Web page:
Art / Exhibitions

The Myths behind Maoism

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Review of 'Li Zhensheng: Red-colour New Soldier' and 'Hou Bo and Xu Xiaobing: Mao's Photographers' at The Photographers' Gallery, London

Maoism and in particular the Cultural Revolution are surrounded by myth and romanticism. As teenagers in the 1970s we discussed the apparent heroism of the Great March and the determination of the students fighting the teachers and officials. The reality, as Li Zhensheng's photographs on display at the Photographers' Gallery reveal, is quite different.

There are two displays running together at the Photographers' Gallery. Hou Bo and Xu Xiaobing were Mao's official photographers. Li Zhensheng was a photographer on a local newspaper and documented the Cultural Revolution.

Popping the American Dream

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Review of 'Roy Lichtenstein', Hayward Gallery, London

Roy Lichtenstein's pop art paintings had an immediate and forceful impact on my 17 year old grandson. It was worth taking him to the exhibition to see how the comic-inspired images of the American Dream and the violence of war affected him.

At the beginning of the exhibition is a small cinema where a screening about Lichtenstein and his work gives a really useful introduction before going round the exhibition.

How to Win Hearts and Minds

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Review of 'Pax Britannica: A Hellish Peace', Aquarium Gallery, London

When Peter Kennard was commissioned by Orange for their 'Peace on Earth' show he depicted the Virgin Mary with a globe replacing her face and a CND sign as a halo. Orange refused to use the image, considering it 'unfit for grandparents and small children'. This is hardly surprising. The media have scrupulously avoided any account of the reality of war. That is why this free exhibition of the response to war by over 18 major artists is so important.

Geometric Smiles

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Review of ’Constantin Brancusi: The Essence of Things‘, Tate Modern, London

Constantin Brancusi (1876-1958) was the greatest sculptor of the first half of the 20th century, and is often compared to Picasso as an innovator of new styles. In particular Brancusi was the first great sculptor to approach abstraction in his work, and the exhibition dramatically shows his movement in this direction. He thus laid the foundation of the avant garde and ’modernism‘. At the same time he always sought meaning beyond the ephemeral. As he said, ’What is real is not the external form but the essence of things,‘ and this too comes across and is strongly felt.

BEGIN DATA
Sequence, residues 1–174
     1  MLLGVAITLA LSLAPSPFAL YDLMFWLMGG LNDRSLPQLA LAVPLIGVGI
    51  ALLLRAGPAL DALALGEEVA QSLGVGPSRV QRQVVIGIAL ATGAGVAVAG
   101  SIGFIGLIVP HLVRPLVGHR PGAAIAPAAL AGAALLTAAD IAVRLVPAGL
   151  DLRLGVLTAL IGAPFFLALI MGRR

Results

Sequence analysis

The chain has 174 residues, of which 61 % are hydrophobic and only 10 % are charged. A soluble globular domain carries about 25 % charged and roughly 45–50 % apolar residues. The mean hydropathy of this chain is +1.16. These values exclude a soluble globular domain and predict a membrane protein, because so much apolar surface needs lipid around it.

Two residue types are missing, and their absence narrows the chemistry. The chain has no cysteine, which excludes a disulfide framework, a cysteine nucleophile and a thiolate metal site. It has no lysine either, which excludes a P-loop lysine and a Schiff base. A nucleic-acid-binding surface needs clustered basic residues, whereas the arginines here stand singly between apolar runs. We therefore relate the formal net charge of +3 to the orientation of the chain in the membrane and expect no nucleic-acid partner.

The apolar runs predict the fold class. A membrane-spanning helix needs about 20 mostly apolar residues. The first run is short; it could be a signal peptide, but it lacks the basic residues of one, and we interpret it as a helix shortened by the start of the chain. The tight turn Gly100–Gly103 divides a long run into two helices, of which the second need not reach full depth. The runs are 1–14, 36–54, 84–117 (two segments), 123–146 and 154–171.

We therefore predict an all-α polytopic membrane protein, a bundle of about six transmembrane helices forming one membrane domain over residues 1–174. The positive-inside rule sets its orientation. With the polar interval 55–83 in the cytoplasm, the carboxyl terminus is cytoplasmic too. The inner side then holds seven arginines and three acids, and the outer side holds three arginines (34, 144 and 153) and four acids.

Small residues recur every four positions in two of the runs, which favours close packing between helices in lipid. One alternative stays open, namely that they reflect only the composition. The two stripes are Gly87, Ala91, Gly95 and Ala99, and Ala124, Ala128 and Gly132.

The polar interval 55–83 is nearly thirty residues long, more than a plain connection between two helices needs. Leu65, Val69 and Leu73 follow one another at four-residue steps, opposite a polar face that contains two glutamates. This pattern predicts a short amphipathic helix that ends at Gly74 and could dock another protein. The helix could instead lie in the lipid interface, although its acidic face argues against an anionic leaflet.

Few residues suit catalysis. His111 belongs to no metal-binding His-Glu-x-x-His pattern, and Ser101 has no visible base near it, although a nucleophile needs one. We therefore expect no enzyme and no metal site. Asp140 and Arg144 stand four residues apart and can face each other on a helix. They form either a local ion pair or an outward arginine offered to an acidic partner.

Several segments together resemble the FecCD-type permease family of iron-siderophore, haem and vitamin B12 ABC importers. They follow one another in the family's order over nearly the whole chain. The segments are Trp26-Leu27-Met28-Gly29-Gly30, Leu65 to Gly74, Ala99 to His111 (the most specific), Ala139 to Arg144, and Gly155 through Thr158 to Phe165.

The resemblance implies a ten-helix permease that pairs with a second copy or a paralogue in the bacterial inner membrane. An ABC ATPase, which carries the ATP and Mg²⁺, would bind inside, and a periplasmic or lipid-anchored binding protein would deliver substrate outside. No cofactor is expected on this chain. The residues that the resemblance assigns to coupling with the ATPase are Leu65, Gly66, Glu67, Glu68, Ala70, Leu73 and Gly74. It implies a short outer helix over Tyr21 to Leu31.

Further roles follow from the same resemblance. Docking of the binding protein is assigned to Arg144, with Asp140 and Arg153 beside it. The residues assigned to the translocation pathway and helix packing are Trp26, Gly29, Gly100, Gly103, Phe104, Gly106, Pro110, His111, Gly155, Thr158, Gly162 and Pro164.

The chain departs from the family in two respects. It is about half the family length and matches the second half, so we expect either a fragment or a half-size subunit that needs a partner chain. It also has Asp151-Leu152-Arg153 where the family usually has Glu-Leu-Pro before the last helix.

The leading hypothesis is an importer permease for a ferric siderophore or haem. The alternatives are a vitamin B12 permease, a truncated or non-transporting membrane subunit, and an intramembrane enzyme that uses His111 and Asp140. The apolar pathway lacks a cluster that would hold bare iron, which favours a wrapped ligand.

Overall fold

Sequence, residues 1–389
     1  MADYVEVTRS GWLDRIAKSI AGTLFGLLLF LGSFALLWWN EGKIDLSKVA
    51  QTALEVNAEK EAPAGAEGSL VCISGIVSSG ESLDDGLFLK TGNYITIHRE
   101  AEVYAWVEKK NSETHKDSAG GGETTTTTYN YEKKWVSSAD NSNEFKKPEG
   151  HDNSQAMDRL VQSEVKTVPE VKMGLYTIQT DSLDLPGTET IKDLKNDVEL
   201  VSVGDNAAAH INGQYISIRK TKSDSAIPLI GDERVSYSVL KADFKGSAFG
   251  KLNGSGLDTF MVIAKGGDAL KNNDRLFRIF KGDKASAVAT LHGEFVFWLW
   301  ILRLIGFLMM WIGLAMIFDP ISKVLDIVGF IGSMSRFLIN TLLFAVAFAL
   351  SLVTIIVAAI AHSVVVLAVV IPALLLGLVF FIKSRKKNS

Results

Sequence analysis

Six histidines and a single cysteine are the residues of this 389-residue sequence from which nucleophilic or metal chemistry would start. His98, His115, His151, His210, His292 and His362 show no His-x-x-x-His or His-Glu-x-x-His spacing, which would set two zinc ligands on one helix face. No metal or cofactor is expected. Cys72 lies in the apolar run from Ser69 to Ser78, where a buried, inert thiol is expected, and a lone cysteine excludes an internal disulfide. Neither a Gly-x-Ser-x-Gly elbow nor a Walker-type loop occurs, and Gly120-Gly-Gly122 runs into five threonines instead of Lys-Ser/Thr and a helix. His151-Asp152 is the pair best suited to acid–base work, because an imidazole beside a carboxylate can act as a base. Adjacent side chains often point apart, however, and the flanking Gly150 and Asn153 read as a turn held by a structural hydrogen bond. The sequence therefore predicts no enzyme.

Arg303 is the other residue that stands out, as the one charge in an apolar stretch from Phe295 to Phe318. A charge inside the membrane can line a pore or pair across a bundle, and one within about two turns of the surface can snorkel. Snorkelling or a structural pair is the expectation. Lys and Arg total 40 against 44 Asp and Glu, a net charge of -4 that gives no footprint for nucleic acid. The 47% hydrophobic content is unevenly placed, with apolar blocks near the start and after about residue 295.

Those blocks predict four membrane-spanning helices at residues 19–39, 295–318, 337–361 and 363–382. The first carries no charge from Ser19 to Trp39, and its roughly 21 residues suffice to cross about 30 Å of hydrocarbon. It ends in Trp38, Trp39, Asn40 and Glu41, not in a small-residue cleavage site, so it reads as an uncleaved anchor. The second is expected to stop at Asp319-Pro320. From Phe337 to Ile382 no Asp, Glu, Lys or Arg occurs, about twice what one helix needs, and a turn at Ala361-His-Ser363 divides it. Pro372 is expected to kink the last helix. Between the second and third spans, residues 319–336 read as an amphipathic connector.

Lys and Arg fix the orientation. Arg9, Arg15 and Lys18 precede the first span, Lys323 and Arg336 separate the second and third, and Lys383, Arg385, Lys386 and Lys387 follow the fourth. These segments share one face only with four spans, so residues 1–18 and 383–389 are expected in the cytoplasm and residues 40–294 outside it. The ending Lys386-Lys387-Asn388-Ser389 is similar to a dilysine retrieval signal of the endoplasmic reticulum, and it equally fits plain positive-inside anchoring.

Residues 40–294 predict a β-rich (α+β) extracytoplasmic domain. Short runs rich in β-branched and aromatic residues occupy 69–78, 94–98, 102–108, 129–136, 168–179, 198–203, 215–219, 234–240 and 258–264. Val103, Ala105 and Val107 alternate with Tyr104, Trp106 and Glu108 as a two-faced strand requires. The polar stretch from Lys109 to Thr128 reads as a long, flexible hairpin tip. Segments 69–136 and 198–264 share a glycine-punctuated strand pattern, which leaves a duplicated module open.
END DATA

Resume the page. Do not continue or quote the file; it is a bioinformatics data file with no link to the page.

Sound and Vision

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Review of 'Reds', The People's History Museum, Salford

The People's History Museum, Salford, has collected an array of sound and visual aids to bring alive the history of the British Communist Party. The exhibition includes poster designing and videos for the kids, and audio replicas explaining the inspiration behind the party - why people joined and what it was like living in a Communist household. As well as the British party the exhibition opens to the visitor the world of 'Communist' Russia and its influence back here in Britain.

Response Units

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Review of 'A World at War', Millinery Works Gallery, London

The visitor who will expect an exhibition called 'A World at War' to be full of military images will be disappointed. Frances Newman's art works are at least as much to do with how the war resonates at home. 'Another Bloody Sunday', for example, takes the eye across a breakfast tray with a remnant of toast still on the plate to the newspaper behind it. The image - of the father protecting his son moments before the boy is killed by Israeli gunfire - is immediately familiar. Here it is an invasion, an interruption of the everyday rituals - and it is inescapable.

The Language of Art

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Review of 'Dreams and Conflicts, the Dictatorship of the Viewer', Venice Biennale

The 50th International Art Exhibition of the Venice Biennale is an immense event which runs until the beginning of November. It consists of the work of hundreds of artists in exhibitions spread over 64 national pavilions, themed shows in the Arsenale and Museo Correr, and numerous additional exhibitions and events at venues around the city. Established in 1895, one of the original ambitions of the Biennale was to promote a 'universal language of art'.

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